Danielle Steel, Author . Delacorte $20 (181p) ISBN 978-0-385-33
Miraculous? Indeed. Miraculous that Steel ekes 200 pages of book out of 50 pages of recycled plot. Quinn Thompson, a 61-year-old recent widower, has just bought the boat of his dreams—an 80-meter beauty capable of sailing around the world. Because that's all Quinn wants to do besides read his late wife Jane's old journals and poetry, which offer an outpouring of love and forgiveness for a man so obsessed with "building his empire" that he ignored his wife and family completely. Less forgiving is Quinn's daughter, Alex, who wants nothing to do with him. Sure that he is alone in the world, Quinn finds himself having regular Friday dinners with an unlikely San Francisco pair: smart but illiterate carpenter Jack Adams and lonely divorcée Maggie Hartman. Full of self-loathing, Quinn refuses to give in to his desire for Maggie; instead he decides to teach Jack to read. Readers follow the two through a 150-page rapturous description of the respect and admiration they have for each other, while Quinn attempts to forgive himself enough to allow himself to love Maggie. Steel ignores the old "show, don't tell" saw entirely here, and the slim plot and repetitive, drab writing may stymie even the most devoted of her fans.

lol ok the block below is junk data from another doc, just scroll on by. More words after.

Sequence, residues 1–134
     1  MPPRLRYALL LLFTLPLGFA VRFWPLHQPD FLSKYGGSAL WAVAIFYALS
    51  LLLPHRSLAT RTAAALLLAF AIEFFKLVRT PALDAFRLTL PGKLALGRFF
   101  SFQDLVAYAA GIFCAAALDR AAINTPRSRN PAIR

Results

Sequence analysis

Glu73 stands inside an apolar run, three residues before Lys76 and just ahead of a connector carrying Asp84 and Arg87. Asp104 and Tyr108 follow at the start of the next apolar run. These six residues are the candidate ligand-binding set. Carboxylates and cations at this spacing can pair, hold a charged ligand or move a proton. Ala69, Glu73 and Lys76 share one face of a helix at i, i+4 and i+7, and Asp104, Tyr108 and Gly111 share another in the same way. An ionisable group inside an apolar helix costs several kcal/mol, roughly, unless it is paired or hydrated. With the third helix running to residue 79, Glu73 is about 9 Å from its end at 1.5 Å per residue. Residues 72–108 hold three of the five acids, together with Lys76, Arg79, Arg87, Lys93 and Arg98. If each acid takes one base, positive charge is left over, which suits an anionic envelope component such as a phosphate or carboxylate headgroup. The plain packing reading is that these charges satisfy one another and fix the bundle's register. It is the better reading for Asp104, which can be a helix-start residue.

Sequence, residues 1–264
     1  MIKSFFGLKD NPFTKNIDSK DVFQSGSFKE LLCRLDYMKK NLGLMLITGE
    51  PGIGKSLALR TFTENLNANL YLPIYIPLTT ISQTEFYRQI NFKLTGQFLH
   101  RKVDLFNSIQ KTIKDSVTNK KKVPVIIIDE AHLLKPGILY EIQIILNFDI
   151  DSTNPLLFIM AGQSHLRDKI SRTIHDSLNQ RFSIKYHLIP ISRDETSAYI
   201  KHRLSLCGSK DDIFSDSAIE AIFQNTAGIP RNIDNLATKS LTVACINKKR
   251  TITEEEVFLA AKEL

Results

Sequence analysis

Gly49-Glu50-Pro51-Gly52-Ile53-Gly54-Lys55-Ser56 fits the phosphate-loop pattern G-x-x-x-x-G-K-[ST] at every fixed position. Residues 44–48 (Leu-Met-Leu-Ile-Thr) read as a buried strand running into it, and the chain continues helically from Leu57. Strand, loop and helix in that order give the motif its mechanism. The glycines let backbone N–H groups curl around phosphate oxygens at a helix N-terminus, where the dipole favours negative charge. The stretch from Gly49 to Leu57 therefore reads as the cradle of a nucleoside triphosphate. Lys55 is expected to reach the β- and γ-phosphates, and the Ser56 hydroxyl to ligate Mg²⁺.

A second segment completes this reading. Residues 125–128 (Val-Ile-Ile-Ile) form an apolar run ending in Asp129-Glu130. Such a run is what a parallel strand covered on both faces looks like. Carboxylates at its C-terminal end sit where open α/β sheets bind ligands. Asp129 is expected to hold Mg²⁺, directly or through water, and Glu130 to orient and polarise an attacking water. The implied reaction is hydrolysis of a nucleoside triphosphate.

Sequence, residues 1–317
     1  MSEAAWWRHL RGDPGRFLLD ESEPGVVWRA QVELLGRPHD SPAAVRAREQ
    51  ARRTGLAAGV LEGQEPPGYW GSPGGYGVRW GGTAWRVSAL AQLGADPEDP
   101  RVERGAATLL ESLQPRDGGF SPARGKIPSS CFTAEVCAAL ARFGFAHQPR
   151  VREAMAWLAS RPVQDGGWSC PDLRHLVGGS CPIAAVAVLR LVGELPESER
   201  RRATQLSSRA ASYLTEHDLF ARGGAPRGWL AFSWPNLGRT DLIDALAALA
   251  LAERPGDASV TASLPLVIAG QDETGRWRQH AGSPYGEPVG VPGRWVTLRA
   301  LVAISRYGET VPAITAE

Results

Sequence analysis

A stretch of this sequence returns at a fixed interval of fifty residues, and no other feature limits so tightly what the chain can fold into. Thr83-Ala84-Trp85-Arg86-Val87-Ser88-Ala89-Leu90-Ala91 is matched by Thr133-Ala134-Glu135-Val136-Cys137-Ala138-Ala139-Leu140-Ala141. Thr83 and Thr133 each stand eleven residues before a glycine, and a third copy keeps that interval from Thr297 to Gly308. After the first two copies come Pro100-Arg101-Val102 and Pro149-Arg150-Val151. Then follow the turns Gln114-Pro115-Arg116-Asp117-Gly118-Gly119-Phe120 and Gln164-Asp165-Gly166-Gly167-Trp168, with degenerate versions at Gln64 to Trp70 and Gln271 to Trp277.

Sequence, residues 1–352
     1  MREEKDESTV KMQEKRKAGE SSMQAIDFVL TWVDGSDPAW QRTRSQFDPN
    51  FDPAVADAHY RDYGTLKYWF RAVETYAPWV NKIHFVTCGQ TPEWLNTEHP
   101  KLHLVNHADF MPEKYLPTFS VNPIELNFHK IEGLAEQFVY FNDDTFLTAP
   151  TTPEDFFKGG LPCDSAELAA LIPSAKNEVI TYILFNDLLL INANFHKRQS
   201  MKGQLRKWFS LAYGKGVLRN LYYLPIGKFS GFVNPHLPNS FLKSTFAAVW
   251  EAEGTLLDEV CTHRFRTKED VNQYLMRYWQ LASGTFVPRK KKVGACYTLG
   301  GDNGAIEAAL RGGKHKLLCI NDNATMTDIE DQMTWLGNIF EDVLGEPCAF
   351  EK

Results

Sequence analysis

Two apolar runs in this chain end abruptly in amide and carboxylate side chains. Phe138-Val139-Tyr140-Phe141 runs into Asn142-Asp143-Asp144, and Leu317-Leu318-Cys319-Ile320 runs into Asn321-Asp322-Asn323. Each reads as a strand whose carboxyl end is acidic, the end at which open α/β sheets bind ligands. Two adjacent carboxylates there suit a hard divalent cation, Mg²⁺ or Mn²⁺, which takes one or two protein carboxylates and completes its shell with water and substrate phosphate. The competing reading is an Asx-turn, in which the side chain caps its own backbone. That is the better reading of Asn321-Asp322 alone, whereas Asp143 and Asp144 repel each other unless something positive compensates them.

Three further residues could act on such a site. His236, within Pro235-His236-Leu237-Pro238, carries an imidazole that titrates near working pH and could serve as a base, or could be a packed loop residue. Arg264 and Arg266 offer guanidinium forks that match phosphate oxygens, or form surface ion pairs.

Reviewed on: 05/02/2005